It was our first trip to Ireland and my wife and I were beyond excited. We planned 15 days to travel the island, focusing on the coast. Kinsale was of particular interest since my great grandmother, born in Cork, had once resided there.

We visited Dublin, Kilkenny, and Waterford before heading to Kinsale, and were magically impressed with the friendliness and hospitality of the many people we had met, certainly many of those in the pubs of course.

As sailors, one thing we enjoy during our travels is to visit local yacht clubs where you can be sure to enjoy hearty food, good views, and friendly people always interested in sharing their sea stories. And so it was with Kinsale, or at least so it was planned.

It was late October and a cold salty breeze came off Kinsale Harbor as we walked to the yacht club from our hotel. I knocked on the door but no answer. I waited, knocked again and looked inside the expansive glass windows, and told my wife it appeared they were closed. And they were, but as we started to descend the stairs to the street a woman opened the door and called out to us.

“May I help you?” she asked.

“Yes, thank you, we are members of a yacht club in San Francisco and just wanted to visit the club and if possible, purchase a burgee and hat. Are you closed?” I replied.

“Yes, we closed last week for the season, but please come in if you like and I can get you a burgee and hat,” she said as she held the door and motioned us in.

She excused herself for a moment and then quickly returned with a burgee and hat. I paid, thanked her again for her hospitality, and started to move towards the door.

“Would you like some coffee and biscuits?” she asked.

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“Oh, we don’t want to bother you any more than we have,” my wife said.

“No, bother at all!  Follow me upstairs” she said with a warm smile and we did so and soon entered the main part of the club that contained many tables and chairs for dining, large stuffed chairs in a seating area with a view and a beautiful, long bar that probably had quite a few stories embedded in it.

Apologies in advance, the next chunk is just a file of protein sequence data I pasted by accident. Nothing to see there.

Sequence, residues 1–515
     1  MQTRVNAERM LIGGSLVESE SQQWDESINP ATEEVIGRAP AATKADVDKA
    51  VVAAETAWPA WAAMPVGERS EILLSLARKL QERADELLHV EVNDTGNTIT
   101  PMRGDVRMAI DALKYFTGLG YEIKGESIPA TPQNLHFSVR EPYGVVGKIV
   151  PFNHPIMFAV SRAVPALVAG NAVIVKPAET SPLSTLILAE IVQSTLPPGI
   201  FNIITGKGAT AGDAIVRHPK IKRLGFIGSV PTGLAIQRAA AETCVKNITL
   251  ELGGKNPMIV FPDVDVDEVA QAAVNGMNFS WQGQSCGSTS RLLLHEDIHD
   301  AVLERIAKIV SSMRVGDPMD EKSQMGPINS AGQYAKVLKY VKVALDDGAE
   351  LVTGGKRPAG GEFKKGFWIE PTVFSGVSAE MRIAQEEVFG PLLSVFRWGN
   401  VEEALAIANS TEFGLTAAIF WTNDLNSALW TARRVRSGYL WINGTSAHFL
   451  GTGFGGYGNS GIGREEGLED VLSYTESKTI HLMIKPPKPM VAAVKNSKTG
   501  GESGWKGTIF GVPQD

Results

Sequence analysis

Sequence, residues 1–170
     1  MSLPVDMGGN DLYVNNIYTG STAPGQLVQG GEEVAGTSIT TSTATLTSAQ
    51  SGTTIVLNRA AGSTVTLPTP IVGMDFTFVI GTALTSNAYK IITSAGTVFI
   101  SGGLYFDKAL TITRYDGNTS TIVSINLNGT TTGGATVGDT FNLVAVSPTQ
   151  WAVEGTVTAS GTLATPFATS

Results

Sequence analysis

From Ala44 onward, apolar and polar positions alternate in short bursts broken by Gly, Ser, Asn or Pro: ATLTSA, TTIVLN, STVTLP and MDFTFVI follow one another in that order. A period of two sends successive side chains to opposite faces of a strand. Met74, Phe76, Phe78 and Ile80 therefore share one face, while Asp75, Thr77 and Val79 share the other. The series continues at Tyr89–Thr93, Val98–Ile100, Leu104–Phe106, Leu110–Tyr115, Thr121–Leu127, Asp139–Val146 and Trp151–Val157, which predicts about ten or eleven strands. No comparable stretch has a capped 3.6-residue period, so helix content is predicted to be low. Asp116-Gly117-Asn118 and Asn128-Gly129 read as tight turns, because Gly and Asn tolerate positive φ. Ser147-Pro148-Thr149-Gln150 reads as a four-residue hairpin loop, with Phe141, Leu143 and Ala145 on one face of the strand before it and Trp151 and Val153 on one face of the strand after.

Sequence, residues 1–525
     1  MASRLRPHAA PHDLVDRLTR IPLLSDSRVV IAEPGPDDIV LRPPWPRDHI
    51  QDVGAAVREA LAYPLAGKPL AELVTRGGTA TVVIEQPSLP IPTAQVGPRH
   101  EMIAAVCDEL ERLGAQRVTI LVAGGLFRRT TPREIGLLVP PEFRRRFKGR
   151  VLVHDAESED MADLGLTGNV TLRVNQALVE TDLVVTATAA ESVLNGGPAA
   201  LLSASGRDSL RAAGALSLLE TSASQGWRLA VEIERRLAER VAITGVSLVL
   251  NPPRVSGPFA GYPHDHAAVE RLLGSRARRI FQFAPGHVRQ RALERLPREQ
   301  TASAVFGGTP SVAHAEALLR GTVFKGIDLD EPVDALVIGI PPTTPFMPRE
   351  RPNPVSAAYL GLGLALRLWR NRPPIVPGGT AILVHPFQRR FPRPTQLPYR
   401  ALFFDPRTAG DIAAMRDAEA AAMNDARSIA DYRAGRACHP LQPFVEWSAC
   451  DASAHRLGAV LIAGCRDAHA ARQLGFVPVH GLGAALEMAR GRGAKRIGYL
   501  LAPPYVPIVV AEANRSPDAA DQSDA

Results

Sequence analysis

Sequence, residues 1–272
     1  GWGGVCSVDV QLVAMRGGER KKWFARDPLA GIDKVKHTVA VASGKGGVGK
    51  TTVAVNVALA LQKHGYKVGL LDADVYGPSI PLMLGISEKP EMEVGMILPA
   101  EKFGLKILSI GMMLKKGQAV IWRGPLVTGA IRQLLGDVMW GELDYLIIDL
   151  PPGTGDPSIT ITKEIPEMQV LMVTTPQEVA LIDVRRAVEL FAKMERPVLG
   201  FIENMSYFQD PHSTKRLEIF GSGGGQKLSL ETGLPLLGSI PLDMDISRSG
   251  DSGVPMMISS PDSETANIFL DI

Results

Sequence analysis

Soon she came out with coffee and biscuits. I tried to pay but she thought that silly of me and told me so. The three of us chatted for 15 minutes then she said “I am so sorry, this is not my only job and I have to leave to go to the other one.”

We started to thank her and get up but she clearly had other ideas.

“Oh no, you can stay, please relax and enjoy the club. And make more coffee if you like, and have as many biscuits as you wish”.

Before we could respond, as she was putting on her coat and said “Stay as long as you like, just when you leave, go out that door and make sure it closes behind you, it will lock so be sure you have all your coats and hats when you do”.

We chatted a moment more, she waved and left and suddenly we were alone in this beautiful yacht club, stunned smiles on our faces. Astonished at the kindness, hospitality, and trust, we were almost speechless.

“I can’t believe this!” my wife said.

“No one will believe this. Can you imagine this happening in San Francisco, or really, any other place in the world?” I said, shaking my head.

We were grateful, humbled, and stayed another 30 minutes while we admired the hundreds of burgees hanging from the ceiling and the beautiful paintings and old photographs on the walls. 

In our two weeks of traveling Ireland, we met many people in pubs, cabs, a car ferry, trains, restaurants, book stores, museums, and on the street. The legend of the friendly, loving, open people of Ireland is absolutely true! So impressed (and joyful) were we that my wife thinks perhaps we should move to the Emerald Isle for a couple of years. Sounds good to me!

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